We have served as the Plan’s auditor since 2011.

/s/ Bonadio & Co. LLP
 
Syracuse, New York
June 23, 2021

THE BANK OF GREENE COUNTY
EMPLOYEES’ SAVINGS & PROFIT SHARING PLAN AND TRUST
STATEMENTS OF NET ASSETS AVAILABLE FOR BENEFITS
AS OF
 DECEMBER 31, 2020 AND 2019

   
2020
   
2019
 
             
ASSETS
           
Cash
 
$
16,337
   
$
14,796
 
Investments, at fair value
   
18,580,221
     
16,216,089
 
Notes receivable from participants
   
396,009
     
439,447
 
Participant contributions receivable
   
25,668
     
-
 
Employer contributions receivable
   
13,278
     
-
 
                 
TOTAL ASSETS
 
$
19,031,513
   
$
16,670,332
 
                 
LIABILITIES
               
Other liabilities
   
19,553
     
15,362
 
                 
TOTAL LIABILITIES
   
19,553
     
15,362
 
                 
NET ASSETS AVAILABLE FOR BENEFITS
 
$
19,011,960
   
$
16,654,970
 

The accompanying notes are an integral part of these financial statements.

THE BANK OF GREENE COUNTY
EMPLOYEES’ SAVINGS & PROFIT SHARING PLAN AND TRUST
STATEMENTS OF CHANGES IN NET ASSETS AVAILABLE FOR BENEFITS

FOR THE YEARS ENDED
DECEMBER 31, 2020 AND 2019

   
2020
   
2019
 
             
ADDITIONS TO NET ASSETS
           
Investment income:
           
Interest and dividend income
 
$
359,199
   
$
290,413
 
Interest income, notes receivable from participants
   
21,994
     
23,491
 
Net appreciation in fair value of investments
   
1,515,316
     
1,858,533
 
Net investment income
   
1,896,509
     
2,172,437
 
                 
Contributions:
               
Participant
   
707,489
     
591,868
 
Employer
   
377,015
     
330,315
 
Rollover
   
16,061
     
97,588
 
                 
Total contributions
   
1,100,565
     
1,019,771
 
                 
TOTAL ADDITIONS
   
2,997,074
     
3,192,208
 
                 
DEDUCTIONS FROM NET ASSETS
               
Benefits paid to participants
   
618,205
     
1,624,064
 
Administrative expenses
   
21,879
     
20,086
 
                 
TOTAL DEDUCTIONS
   
640,084
     
1,644,150
 
                 
Net increase in net assets
   
2,356,990
     
1,548,058
 
                 
Net assets available for benefits, beginning
   
16,654,970
     
15,106,912
 
                 
NET ASSETS AVAILABLE FOR BENEFITS, ENDING
 
$
19,011,960
   
$
16,654,970
 

The accompanying notes are an integral part of these financial statements.
 
The Bank of Greene County Employees’ Savings & Profit Sharing Plan and Trust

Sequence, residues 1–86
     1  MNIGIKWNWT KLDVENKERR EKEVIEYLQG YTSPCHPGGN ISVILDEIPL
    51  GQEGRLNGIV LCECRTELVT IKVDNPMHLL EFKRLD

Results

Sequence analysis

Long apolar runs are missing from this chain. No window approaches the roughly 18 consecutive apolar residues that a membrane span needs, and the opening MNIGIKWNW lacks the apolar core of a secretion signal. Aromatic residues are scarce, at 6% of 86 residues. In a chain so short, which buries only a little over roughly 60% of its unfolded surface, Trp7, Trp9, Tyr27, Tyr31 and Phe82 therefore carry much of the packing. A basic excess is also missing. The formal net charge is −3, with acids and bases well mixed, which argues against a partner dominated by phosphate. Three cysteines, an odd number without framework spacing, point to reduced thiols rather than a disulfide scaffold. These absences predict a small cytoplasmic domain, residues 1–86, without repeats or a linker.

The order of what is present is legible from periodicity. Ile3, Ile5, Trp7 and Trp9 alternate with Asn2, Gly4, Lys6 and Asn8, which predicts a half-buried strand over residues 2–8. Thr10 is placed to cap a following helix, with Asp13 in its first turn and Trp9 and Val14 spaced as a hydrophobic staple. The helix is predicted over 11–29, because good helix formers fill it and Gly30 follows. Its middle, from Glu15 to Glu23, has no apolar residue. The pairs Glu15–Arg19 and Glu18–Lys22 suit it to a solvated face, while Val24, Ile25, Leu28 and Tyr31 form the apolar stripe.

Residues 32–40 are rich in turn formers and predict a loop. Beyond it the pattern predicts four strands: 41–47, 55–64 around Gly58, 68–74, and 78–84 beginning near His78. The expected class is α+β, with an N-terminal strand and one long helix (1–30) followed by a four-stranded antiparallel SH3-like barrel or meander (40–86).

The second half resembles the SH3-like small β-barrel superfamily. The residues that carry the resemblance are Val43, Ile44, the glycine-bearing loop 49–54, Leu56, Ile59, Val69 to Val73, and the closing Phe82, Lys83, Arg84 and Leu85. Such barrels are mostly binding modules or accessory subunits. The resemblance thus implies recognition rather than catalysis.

Notes to Financial Statements
At and for the Years ended December 31, 2020 and 2019

NOTE A – DESCRIPTION OF PLAN
 
The following brief description of The Bank of Greene County Employees' Savings & Profit Sharing Plan and Trust (the Plan) provides only general information.  Participants should refer to the Plan agreement for a more complete description of the Plan’s provisions.

General
The Plan is a defined contribution plan covering eligible employees of The Bank of Greene County (the Company or the Sponsor).  Employees who complete three months of service and perform a minimum of 250 hours of service are eligible to participate in the Plan.  The Plan is subject to the provisions of the Employee Retirement Income Security Act of 1974 (ERISA), as amended.

In December 2019, an outbreak of a novel strain of Coronavirus (COVID-19) originated in Wuhan, China and has since spread to other countries, including the United States. On March 11, 2020, the World Health Organization characterized COVID-19 as a pandemic. In addition, multiple jurisdictions in the United States have declared states of emergency. It is anticipated that these impacts will continue for some time. Potential impacts to the Plan include extreme volatility in financial markets and has affected and may continue to affect the prices of the Plan assets.

On March 27, 2020 the Coronavirus Aid, Relief and Economic Security Act (the "CARES Act") was signed into law. The CARES Act allows retirement plans, among other things, to provide participants who are impacted by the coronavirus (as defined in the CARES Act) with greater access to their savings.

The Plan has not been amended to adopt the following provisions under Section 2202 of the CARES Act:

Qualified individuals may receive coronavirus-related distributions in an aggregate amount up to $100,000 from the participant’s account in the Plan. Coronavirus-related distributions can be taken up to December 31, 2020 and may be repaid within three years of the date of distribution.

Qualified individuals may borrow up to $100,000 for loans made from March 27, 2020 through September 22, 2020, and repayment can be delayed.

Allows for suspension of loan payments due from March 27, 2020 through December 31, 2020 for up to one year.

There were no loans granted or distributions provided under Section 2202 of the CARES Act.

Contributions